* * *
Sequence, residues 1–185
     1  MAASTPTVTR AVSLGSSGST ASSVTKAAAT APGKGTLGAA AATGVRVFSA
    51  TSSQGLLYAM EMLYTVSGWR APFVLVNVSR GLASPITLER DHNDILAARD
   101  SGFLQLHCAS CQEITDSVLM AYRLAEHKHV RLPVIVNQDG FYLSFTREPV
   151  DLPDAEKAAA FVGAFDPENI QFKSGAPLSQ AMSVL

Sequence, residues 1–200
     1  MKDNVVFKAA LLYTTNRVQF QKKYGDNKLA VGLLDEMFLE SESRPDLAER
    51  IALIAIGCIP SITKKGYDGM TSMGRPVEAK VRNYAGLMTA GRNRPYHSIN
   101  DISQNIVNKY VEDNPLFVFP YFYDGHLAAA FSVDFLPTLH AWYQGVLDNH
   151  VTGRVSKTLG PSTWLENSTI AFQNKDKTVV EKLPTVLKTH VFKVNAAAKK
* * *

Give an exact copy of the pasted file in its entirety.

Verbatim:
Sequence, residues 1–185
     1  MAASTPTVTR AVSLGSSGST ASSVTKAAAT APGKGTLGAA AATGVRVFSA
    51  TSSQGLLYAM EMLYTVSGWR APFVLVNVSR GLASPITLER DHNDILAARD
   101  SGFLQLHCAS CQEITDSVLM AYRLAEHKHV RLPVIVNQDG FYLSFTREPV
   151  DLPDAEKAAA FVGAFDPENI QFKSGAPLSQ AMSVL

Sequence, residues 1–200
     1  MKDNVVFKAA LLYTTNRVQF QKKYGDNKLA VGLLDEMFLE SESRPDLAER
    51  IALIAIGCIP SITKKGYDGM TSMGRPVEAK VRNYAGLMTA GRNRPYHSIN
   101  DISQNIVNKY VEDNPLFVFP YFYDGHLAAA FSVDFLPTLH AWYQGVLDNH
   151  VTGRVSKTLG PSTWLENSTI AFQNKDKTVV EKLPTVLKTH VFKVNAAAKK